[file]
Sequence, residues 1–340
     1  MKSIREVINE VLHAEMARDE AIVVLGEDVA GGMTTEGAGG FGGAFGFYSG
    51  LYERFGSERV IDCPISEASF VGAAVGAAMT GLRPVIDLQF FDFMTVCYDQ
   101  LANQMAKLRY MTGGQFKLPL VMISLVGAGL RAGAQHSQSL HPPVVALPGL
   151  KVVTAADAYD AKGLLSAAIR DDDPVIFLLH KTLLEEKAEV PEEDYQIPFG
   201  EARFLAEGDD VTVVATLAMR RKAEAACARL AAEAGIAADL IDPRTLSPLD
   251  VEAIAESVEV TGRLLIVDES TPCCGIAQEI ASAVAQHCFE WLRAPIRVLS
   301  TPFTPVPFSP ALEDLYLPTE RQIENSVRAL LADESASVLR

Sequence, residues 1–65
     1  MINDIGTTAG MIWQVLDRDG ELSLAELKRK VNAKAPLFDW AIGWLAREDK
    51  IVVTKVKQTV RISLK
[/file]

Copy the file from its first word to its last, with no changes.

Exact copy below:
Sequence, residues 1–340
     1  MKSIREVINE VLHAEMARDE AIVVLGEDVA GGMTTEGAGG FGGAFGFYSG
    51  LYERFGSERV IDCPISEASF VGAAVGAAMT GLRPVIDLQF FDFMTVCYDQ
   101  LANQMAKLRY MTGGQFKLPL VMISLVGAGL RAGAQHSQSL HPPVVALPGL
   151  KVVTAADAYD AKGLLSAAIR DDDPVIFLLH KTLLEEKAEV PEEDYQIPFG
   201  EARFLAEGDD VTVVATLAMR RKAEAACARL AAEAGIAADL IDPRTLSPLD
   251  VEAIAESVEV TGRLLIVDES TPCCGIAQEI ASAVAQHCFE WLRAPIRVLS
   301  TPFTPVPFSP ALEDLYLPTE RQIENSVRAL LADESASVLR

Sequence, residues 1–65
     1  MINDIGTTAG MIWQVLDRDG ELSLAELKRK VNAKAPLFDW AIGWLAREDK
    51  IVVTKVKQTV RISLK